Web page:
California Taxpayers vs. the New Federal Tax Law

California Taxpayers vs. the New Federal Tax Law


On September 1, 2018, the California State Legislature adjourned without conforming the California State Income Tax to any part of the Republican Federal Tax Law, known as the Tax Cuts & Jobs Act, passed last December. Consequently, the federal law will not cause Californians to pay more in state income tax for 2018 (more below on what they could have changed), but the new tax code will nevertheless have a substantive impact on many Californians — they will be paying a lot more in federal taxes come April 15, 2019.

State and Local Taxes (SALT)

One of the biggest changes from the new federal law is a severe limit on state and local tax (SALT) deductions. Under the previous federal law, SALT deductions were unlimited for individuals and families — Californians could deduct all of their state income taxes and all of their property taxes on their federal returns. Yet under the new federal law, SALT deductions are limited to $10,000. This can have significant consequences for taxpayers in states with high state taxes and those with high home values. These circumstances might just sound familiar to some Bay Area residents.

Let’s take Oakland residents John and Sally as an example. For their joint income, they owe $95,000 to the state. They also owe $20,000 in property tax to Alameda County, so their SALT total = $115,000. Before the new federal law, John and Sally could deduct all $115,000 from their federal income tax. Now that the limit has plummeted to $10,000, John and Sally have $105,000 in non-deductible state and local taxes and will consequently owe an additional $40,000 in federal income tax. That is quite a leap from what they would have paid in 2017.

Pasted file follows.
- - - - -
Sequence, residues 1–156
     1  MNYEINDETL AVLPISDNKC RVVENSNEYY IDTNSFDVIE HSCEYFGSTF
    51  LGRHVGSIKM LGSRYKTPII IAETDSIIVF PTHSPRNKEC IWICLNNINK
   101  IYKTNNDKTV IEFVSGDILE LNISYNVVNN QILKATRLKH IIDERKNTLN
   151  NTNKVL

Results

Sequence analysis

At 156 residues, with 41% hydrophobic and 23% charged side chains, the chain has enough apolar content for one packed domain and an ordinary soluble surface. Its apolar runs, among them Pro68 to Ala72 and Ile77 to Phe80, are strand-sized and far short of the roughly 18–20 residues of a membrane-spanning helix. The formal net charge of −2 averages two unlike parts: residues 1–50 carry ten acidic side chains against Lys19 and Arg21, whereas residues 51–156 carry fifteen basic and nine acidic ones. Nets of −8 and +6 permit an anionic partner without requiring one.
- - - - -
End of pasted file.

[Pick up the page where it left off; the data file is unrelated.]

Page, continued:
Capital Gain, Standard Deduction, and Personal Exemption

There are several ways that the California income tax code does not conform to the new federal law. California taxes long-term capital gains as ordinary income; federal law taxes long-term capital gains at a lower, or “preferential”, rate. Congress nearly doubled the standard deduction to $24,000 for couples and $12,000 for singles. At the same time, they eliminated the personal exemption, which amounted to a $4,050 deduction for each person listed on the federal return including dependents. However, California state taxes will not conform to this elimination of the personal exemption; even though Congress killed it at the federal level, California taxpayers can still claim that $4,050 exemption deduction for themselves and their dependents on their state return in addition to the new, higher standard deduction on their federal return.

Mortgage Interest

Starting in 2018, the new federal tax law limits the mortgage balance up to which taxpayers can deduct the interest to only $750,000 on a first or second home. The prior law set the limit at the interest on $1 million in mortgage debt. Homeowners who were at the $1 million limit prior to 2018 will be grandfathered in for deducting interest at that level. For anyone starting a new mortgage in 2018, the limit is $750,000.

In contrast, on their state returns a California taxpayer can still deduct interest on up to $1 million in mortgage debt used to buy or improve a first or second residence, along with $100,000 in home equity debt that was not used to buy or improve a home. The federal law allows zero interest deduction on home equity debt not used to improve a home.

Experts expect some breakdowns for people using software to file 2018 returns and even more trouble for people doing their own returns unassisted.

Acknowledgment to Pender, Kathleen. “Federal law won’t raise California income taxes” SF Chronicle 8 Sept. 2018

Our readers can find further analysis and explanation of these tax code changes in my multi-part series, “What is Relevant About the New Tax Law?” on the Bell Finance Blog. Those can be found on our website,

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